Spoon Graphics makes it very easy to access their lead magnet.

Example sign up form - Spoon Graphics

Create colour contrast

Using contrasting colours in your sign up form helps it stand out on your website. A bright colour, like yellow, on a black and white website draws attention to the sign up form, which can increase the number of people who complete it.

Try using a bold colour palette or font so that your form stands out from the rest of your content.

Really Good Emails has a sign up form that you can’t miss.

Example sign up form - Really Good Emails

Present an unfavourable alternative

This tactic works well for sign up forms that can be closed. It doesn’t work for inline forms or landing pages.

This sign up form from Function of Beauty offers a discount in exchange for their email address. What makes this type of form more effective is that they can close the form by choosing the alternative option of paying full price.

Example sign up form - Function of Beauty

Use a clear call to action

The reality is that more than half of website visits come from mobile devices (source: Statista). So the chances your would-be subscriber is viewing your signup form on a mobile device are very high. Make it easy for them to easily enter their information and tap the button.

Don’t be boring and use generic text like “Subscribe”. Your sign up form become a powerhouse when your CTA reinforce the incentive or benefit a subscriber is getting. For an ebook, use something like “Send me the ebook now!”.

Enginemailer‘s sign up form tells you exaclty what you should do next.

Example sign up form - Enginemailer

Let subscribers choose their preferences

Letting your subscribers choose their email preferences can help with your email engagement rates because it allows subscribers to customize the kind of content they receive in their inbox. When subscribers are able to personalize their experience, they’ll get more value and engage more.

This sign up form from ASOS lets subscribers choose the type of information they want to receive. This can give them a more personalised email experience.

Example sign up form - ASOS

Write conversational copy

When the copy in your sign up forms is conversational, it feels more personal.

Forms that use a conversational tone tend to perform better than those that sound like they were written by robots.

Read this sign up form from Moz out loud and you feel like someone is talking to you.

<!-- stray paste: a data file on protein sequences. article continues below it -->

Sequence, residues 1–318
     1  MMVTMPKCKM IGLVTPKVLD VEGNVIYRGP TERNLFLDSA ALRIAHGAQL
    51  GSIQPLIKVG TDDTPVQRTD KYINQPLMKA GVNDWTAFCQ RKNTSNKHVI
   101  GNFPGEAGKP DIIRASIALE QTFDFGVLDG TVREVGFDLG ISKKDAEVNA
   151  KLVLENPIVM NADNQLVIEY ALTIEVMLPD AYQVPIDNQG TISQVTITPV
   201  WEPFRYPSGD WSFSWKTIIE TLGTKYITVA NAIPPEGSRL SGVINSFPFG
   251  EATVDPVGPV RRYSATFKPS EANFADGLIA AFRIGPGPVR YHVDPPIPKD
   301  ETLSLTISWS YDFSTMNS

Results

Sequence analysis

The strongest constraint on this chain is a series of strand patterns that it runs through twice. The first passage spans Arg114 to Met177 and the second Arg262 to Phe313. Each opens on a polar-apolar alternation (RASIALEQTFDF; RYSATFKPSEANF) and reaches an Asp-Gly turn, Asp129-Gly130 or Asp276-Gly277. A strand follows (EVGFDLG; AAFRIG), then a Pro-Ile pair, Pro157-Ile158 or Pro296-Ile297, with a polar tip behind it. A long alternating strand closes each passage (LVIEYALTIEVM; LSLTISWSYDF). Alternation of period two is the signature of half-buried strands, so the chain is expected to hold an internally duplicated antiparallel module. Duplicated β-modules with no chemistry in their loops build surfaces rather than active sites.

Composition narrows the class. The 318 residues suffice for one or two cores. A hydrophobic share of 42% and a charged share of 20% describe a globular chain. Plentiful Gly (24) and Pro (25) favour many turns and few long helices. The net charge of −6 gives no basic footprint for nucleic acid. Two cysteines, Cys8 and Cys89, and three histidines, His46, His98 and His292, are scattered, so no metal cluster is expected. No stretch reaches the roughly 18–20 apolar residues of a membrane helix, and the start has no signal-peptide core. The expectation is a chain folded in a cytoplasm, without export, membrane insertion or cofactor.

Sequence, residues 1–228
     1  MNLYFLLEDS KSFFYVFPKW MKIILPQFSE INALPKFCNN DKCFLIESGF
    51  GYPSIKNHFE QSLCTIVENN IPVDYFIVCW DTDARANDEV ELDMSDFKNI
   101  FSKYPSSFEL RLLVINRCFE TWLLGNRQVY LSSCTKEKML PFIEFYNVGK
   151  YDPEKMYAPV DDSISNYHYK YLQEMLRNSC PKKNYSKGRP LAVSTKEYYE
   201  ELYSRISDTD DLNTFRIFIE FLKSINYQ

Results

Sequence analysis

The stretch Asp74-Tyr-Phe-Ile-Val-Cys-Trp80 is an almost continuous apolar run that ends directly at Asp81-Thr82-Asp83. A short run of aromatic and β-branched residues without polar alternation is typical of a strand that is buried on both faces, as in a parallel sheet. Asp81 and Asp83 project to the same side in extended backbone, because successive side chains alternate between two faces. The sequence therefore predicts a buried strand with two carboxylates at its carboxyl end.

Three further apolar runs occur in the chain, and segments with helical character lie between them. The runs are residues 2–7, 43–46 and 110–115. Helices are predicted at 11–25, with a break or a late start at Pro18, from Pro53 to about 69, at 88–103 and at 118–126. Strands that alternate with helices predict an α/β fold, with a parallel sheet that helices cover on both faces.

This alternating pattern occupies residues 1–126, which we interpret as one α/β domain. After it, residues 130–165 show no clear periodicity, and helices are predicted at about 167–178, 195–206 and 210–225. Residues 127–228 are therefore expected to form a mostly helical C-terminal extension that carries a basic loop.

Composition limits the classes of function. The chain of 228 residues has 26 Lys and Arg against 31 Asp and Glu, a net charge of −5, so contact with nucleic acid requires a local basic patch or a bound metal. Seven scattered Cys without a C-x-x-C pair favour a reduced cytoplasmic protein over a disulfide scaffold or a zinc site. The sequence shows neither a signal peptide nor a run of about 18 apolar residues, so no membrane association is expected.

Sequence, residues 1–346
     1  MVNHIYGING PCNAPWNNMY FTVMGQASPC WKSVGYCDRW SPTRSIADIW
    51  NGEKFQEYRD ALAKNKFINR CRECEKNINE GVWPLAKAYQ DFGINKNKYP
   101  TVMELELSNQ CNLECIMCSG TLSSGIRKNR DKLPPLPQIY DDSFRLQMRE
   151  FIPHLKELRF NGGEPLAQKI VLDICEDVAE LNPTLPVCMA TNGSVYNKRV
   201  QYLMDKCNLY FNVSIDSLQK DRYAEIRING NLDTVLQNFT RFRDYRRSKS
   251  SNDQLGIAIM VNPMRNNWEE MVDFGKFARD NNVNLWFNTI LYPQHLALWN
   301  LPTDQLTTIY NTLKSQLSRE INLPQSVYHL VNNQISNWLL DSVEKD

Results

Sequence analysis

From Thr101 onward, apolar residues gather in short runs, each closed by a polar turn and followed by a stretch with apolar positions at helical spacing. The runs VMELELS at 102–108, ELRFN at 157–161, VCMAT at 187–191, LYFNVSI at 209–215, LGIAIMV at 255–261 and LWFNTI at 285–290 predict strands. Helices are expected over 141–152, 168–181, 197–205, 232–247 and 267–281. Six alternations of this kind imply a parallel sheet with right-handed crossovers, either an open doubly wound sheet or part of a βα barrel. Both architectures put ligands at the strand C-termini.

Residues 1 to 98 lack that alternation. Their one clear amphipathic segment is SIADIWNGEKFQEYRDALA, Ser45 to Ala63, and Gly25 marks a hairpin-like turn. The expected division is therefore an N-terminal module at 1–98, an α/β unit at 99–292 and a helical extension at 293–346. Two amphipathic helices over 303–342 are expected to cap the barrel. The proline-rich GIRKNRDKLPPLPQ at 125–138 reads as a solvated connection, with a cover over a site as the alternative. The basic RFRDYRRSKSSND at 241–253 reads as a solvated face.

Example sign up form - Moz

Be creative and witty

Let your subscribers see the fun side of you and your brand by using copy that is imaginitive, fun, or clever. Making your subscribers smile is creating an emotional response and this is where they are more likely to relate to you.

Shinesty uses creative copy to show that they understand how much your inbox can suffer from the onslaught of emails.

Example sign up form - Shinesty

Use social proof

Social proof is a strategy where you leverage herd mentality to convince people to take an action. If people see that everyone else is doing something, they’ll be more likely to do it themselves.

Social proof makes people feel good about signing up for your list. It gives them confidence that you’re not a spammer and that they’re making the right choice.

In the wise words of Peep Laja at Conversion XL, “No one wants to be the only idiot filling [out] your stupid sign up form.” So if you have the social proof, use it!

Another of Backlinko’s sign up forms let’s potential subscribers know that 173, 674 people have already subscribed. Along with building trust, this type of message creats a sense of FOMO. If I don’t sign up, I’ll be the one who misses out.

Example sign up form - Backlinko

Wrap up

As I mentioned at the start, it’s not possible to use all of these tips in your sign up forms.

Take a few minutes to think about what you’re offering and what is the minimum needed to encourage someone to sign up.

Try different combinations of these tips on different pages and look at what’s working for you.